In late fall, the parched hills of Northern California are wilting hot, but relief can be found in the dark patches of shade cast by towering native oaks. Some are hundreds of years old, with spreading limbs as thick as human torsos.
In Lake and Sonoma Counties, this is the season Indigenous people once harvested vast stores of ripe acorns, a staple food in native diets for thousands of years. A small group of Pomo and Miwok youth from nearby tribal communities are gathering beneath oak groves here to once again harvest the acorns produced in abundance by the ancient wild trees.
These acorns are destined for Acorn Energy Bites, a modern, tasty two-bite health snack the young people began selling this summer. Nearly four years in development, Acorn Bites have been selling out at local farmers’ markets since June.
The snack bar is a native food project of the Tribal Youth Ambassadors of the nonprofit California Indian Museum and Cultural Center (CIMCC) in Santa Rosa, California. The Ambassadors, with about 20 current members, are students ranging from grade school to college.
The Tribal Youth Ambassador program has existed since 2010 as a resource for local Pomo and Miwok youth. “Tribal youth often find themselves challenged about who they are culturally,” says Nicole Lim, the executive director of the CIMCC; she added that the program aims to develop pride, and help them learn how to deal with racism and stereotypes in school. She said her teenage daughter’s been called Pocahontas and asked if she lives in a teepee. Early California history is still largely taught from the colonial perspective.
Ambassador projects provide young people with opportunities to learn ancestral traditions, cultural heritage, and pride. Projects and activities frequently focus on ways of transferring traditional knowledge from elders, like foodways. The 12- to 18-year-olds also learn skills, training in history and public speaking, that they can use to represent Native communities, to create bridges between the tribal community and non-natives.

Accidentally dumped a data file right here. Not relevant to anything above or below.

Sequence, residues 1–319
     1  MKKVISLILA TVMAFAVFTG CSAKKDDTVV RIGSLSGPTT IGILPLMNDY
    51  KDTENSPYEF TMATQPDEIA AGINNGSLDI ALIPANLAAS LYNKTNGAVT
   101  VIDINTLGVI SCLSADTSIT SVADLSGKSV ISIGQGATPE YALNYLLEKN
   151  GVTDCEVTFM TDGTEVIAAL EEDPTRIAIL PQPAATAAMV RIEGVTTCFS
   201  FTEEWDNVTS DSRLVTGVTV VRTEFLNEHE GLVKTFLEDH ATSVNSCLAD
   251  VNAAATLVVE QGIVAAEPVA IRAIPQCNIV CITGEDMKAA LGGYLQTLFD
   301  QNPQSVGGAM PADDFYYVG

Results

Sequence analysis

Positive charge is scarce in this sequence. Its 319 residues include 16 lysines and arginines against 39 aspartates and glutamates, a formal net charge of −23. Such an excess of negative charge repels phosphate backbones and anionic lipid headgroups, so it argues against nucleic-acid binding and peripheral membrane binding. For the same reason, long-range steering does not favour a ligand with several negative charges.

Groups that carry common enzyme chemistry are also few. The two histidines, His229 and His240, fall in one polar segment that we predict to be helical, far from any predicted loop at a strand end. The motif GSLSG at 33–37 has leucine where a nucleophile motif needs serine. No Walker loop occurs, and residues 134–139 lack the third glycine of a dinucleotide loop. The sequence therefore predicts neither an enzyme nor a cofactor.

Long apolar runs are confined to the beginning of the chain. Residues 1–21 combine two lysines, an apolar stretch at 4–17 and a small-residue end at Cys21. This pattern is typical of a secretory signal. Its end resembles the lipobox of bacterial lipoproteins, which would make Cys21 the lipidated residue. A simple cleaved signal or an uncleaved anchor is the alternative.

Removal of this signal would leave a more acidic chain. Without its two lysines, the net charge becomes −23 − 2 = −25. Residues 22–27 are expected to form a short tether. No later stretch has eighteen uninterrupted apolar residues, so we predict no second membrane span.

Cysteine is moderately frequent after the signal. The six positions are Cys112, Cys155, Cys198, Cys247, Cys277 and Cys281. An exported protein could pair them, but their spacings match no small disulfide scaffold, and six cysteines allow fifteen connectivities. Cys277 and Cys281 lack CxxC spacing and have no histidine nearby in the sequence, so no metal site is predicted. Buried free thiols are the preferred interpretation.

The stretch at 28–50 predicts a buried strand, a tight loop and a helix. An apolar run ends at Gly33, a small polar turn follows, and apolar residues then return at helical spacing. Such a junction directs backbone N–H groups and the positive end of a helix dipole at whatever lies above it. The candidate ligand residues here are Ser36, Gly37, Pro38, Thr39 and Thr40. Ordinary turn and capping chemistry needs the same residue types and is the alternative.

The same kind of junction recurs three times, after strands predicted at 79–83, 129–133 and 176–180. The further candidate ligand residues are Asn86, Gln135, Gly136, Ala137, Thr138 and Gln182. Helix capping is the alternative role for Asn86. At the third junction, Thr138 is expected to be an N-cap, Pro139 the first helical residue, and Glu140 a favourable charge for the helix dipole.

The Acorn Bites project began with research, a detailed tribal food sovereignty assessment in 2016 to identify underlying tribal concerns about food traditions and food security, access to wild traditional foods, and ways of preserving and transferring tribal knowledge.
One of the young Ambassadors came up with idea of using traditional acorn in a modern protein bar. It was a project that would tie in efforts to transfer tribal knowledge, restore traditional foods, and integrate tribal traditions in everyday life.
Such efforts are part of a rising trend among tribal communities across the country. Projects to reclaim Indigenous foodways and promote food sovereignty are underway nationwide, to both improve tribal health and recover sustainable traditions. Indigenous chefs are creating renewed interest in traditional diets and foods through cookbooks and restaurants, while tribal groups are re-introducing healthy native foods and agricultural practices.
And because Acorn Bites rely on traditional tribal foods that U.S. government policies often put out of reach or off limits to Indigenous communities, “It’s also an act of resistance,” says Octavio, one of the Youth Ambassadors. [Editor’s note: Because of their experiences of being targeted online and in person, CIMCC asked that we not publish the Youth Ambassadors’ full names in this article.]
A Traditional Food Targeted by Colonizers
Acorns have a very long role in Indigenous diets. In California, Indigenous people tended trees that produce acorns in the wild landscape, and their acorns were consumed in various forms for at least 5,000 years. Ten species of oak produce acorns in California, and research suggests that acorns accounted for up to 50 percent of California Indigenous diets.
Acorns, it turns out, are also low on the glycemic index. Acorns’ sugars are absorbed slowly, a beneficial dietary aid to help ward off diabetes, according to one study. As a snack, they not only provide healthy carbs, they’re also high in protein, potassium, magnesium, calcium, and vitamin B6, a blend that is mimicked by commercially prepared energy bars.
Acorns are also a keystone of tribal culture and traditions. Throughout California, Indigenous people evolved highly specialized traditions for grove stewardship, acorn harvest and storage, and the labor-intensive, multi-step processing required to make them tasty. The seasonal cycle of activities surrounding acorns involved the community and undergird cultural bonds.
Those foodways, however, were swept aside first during the Spanish colonization, then by Gold Rush settlers, and ultimately by the state-sponsored removal of remaining Indigenous people from their highly productive lands and waterways. Within two decades of the Gold Rush, as tribal communities in California were killed, displaced, or legislated off their land, they were effectively barred from access to food sources and traditions across the California landscape.
“Our culture was targeted,” Lim says. “At the time, the idea was ‘kill the food, kill the culture.’ So, to survive, the traditional practices had to be hidden.”
After colonization, Indigenous diets changed, and so did the health of the community. Now, among all racial groups, California Indigenous adults have the highest rate of obesity, 38.7 percent, and the second highest age‐adjusted mortality rate for diabetes, 33.9 per 100,000 in 2010.
Taste Testing a Fickle Ingredient